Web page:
DENVER — The Regional Transportation District is both benefiting and suffering from the high cost of oil.
“We’re looking at kind of a double-
edged sword here,” RTD spokesman Scott Reed said.
While more people seem to be riding buses as gasoline prices soar, sky-rocketing fuel costs also are increasing the cost of operating buses, he said.
According to Reed, RTD expects to pay double in 2006 what it spent for diesel fuel in 2004.
Public transit agencies across the nation “are getting clobbered” by fuel expenses, RTD general manager Cal Marsella told state lawmakers on the Transportation Legislation Review Committee last week.
Thus far, RTD has been able to absorb increased fuel costs within its $340.9 million annual operating budget, but the agency is feeling “an ongoing and pretty substantial budget impact,” Reed said this week.
In 2004, the average price the agency paid for low-sulfur diesel fuel was $1.11 a gallon. RTD staff, who are preparing a 2006 budget proposal for the elected board of directors’ consideration later this year, now projects it may have to pay an average of $2.22 per gallon next year, Reed said. That would be about $11.1 million more than RTD paid to fuel its fleet last year, Reed said.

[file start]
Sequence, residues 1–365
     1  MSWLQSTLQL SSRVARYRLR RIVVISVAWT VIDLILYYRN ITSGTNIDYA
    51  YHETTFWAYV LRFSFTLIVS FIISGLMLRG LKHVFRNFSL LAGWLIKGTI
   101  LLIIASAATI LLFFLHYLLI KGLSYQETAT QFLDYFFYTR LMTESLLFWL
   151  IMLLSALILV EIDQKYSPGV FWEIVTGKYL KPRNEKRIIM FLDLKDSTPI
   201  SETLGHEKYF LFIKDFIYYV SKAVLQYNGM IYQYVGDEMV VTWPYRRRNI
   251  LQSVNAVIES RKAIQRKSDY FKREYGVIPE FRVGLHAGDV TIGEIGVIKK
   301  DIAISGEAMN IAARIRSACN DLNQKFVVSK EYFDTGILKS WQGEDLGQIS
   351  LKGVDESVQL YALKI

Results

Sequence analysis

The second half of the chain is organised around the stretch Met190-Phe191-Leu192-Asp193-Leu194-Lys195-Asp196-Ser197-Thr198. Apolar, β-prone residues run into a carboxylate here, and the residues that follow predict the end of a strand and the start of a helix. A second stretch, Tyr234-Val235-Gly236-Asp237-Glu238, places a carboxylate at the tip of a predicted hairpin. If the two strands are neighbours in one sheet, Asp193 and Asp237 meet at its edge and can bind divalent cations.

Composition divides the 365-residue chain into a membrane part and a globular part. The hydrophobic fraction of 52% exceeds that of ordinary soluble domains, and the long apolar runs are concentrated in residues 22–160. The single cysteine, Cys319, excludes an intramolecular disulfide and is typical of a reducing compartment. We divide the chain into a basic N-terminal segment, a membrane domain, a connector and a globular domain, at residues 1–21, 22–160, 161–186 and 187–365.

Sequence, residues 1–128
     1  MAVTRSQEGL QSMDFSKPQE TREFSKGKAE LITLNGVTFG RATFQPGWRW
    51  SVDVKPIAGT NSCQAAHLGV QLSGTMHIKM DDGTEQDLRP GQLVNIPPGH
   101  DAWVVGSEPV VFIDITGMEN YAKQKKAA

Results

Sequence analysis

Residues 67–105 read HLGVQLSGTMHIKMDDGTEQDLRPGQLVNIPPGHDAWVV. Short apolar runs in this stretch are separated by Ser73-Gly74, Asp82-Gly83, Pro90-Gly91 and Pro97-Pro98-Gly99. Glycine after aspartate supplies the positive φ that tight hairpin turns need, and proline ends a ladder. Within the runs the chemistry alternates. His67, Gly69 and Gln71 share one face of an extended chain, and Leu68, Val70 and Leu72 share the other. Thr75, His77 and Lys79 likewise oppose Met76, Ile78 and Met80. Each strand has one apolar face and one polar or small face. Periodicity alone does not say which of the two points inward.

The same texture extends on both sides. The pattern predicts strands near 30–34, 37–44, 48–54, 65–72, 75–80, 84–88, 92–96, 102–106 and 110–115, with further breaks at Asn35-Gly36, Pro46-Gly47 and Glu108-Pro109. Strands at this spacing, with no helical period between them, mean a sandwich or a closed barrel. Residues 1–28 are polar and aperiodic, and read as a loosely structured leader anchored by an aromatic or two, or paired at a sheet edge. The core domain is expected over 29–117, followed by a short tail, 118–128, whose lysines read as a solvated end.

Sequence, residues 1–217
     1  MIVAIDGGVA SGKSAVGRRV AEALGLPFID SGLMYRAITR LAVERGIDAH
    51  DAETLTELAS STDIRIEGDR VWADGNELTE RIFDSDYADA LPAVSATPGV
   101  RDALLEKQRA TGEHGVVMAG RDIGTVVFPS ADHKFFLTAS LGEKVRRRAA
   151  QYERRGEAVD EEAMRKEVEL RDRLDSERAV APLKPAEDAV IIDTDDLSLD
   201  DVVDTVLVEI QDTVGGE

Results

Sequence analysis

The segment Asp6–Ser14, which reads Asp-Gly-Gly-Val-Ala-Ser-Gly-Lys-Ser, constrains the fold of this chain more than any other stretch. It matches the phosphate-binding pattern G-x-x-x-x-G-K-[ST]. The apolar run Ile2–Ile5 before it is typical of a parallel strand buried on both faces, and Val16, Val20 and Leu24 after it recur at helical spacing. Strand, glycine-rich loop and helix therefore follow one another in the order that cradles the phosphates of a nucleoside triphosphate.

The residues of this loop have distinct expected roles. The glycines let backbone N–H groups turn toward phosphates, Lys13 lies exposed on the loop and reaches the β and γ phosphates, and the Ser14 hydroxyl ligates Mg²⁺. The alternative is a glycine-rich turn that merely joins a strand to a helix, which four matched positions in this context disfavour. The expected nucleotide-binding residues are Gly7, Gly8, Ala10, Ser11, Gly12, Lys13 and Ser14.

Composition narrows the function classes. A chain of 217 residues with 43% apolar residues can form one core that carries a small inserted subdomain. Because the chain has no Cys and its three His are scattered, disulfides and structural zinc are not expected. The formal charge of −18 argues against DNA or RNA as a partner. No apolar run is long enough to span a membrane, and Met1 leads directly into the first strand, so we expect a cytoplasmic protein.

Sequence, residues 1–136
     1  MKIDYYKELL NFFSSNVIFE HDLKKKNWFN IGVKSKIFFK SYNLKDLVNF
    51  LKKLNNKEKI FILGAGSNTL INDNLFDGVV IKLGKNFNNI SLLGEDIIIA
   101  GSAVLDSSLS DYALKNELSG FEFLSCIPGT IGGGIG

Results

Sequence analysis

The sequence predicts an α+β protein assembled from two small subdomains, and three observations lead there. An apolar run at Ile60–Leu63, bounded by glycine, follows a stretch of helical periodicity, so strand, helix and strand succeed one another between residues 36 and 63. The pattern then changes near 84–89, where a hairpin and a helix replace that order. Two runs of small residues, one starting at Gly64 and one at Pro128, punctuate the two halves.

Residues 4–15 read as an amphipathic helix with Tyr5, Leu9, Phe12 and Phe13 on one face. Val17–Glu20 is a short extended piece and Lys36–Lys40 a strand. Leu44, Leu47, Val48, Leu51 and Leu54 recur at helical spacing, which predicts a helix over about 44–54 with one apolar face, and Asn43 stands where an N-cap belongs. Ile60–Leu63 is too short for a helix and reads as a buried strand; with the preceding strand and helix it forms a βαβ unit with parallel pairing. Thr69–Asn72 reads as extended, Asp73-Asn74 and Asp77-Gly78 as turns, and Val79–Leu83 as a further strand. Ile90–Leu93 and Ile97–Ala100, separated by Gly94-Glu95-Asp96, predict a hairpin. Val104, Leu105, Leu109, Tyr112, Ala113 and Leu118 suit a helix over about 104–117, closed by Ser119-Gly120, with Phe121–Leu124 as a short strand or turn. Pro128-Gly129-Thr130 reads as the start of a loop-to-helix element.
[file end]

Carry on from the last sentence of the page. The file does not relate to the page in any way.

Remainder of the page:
Agency officials report that the approximately 644 buses RTD owns and operates consume about 6.4 million gallons of diesel fuel a year.
RTD also owns 428 buses it leases to private companies under contract, although the contractors must buy their own fuel, including payment of state and federal fuel taxes that RTD is not assessed when it buys fuel.
Reed said RTD has seen steady increases in ridership over the past 10 months, averaging about 1 percent to 3 percent higher than comparable months last year. He attributed at least part of that to people switching to buses for commutes to and from work or school.
“We now carry about 291,000 passenger trips on an average weekday and about 4.7 million passenger trips per month,” he said.
In preparing its 2006 budget, RTD may have to consider ways to offset rising fuel costs, Reed said, by cutting costs and looking for ways to increase revenues.
Cost-cutting possibilities, he said, might include trimming back on unproductive routes or bus schedules and adopting fuel-economy measures.
John Fryar can be reached by e-mail at firstname.lastname@example.org.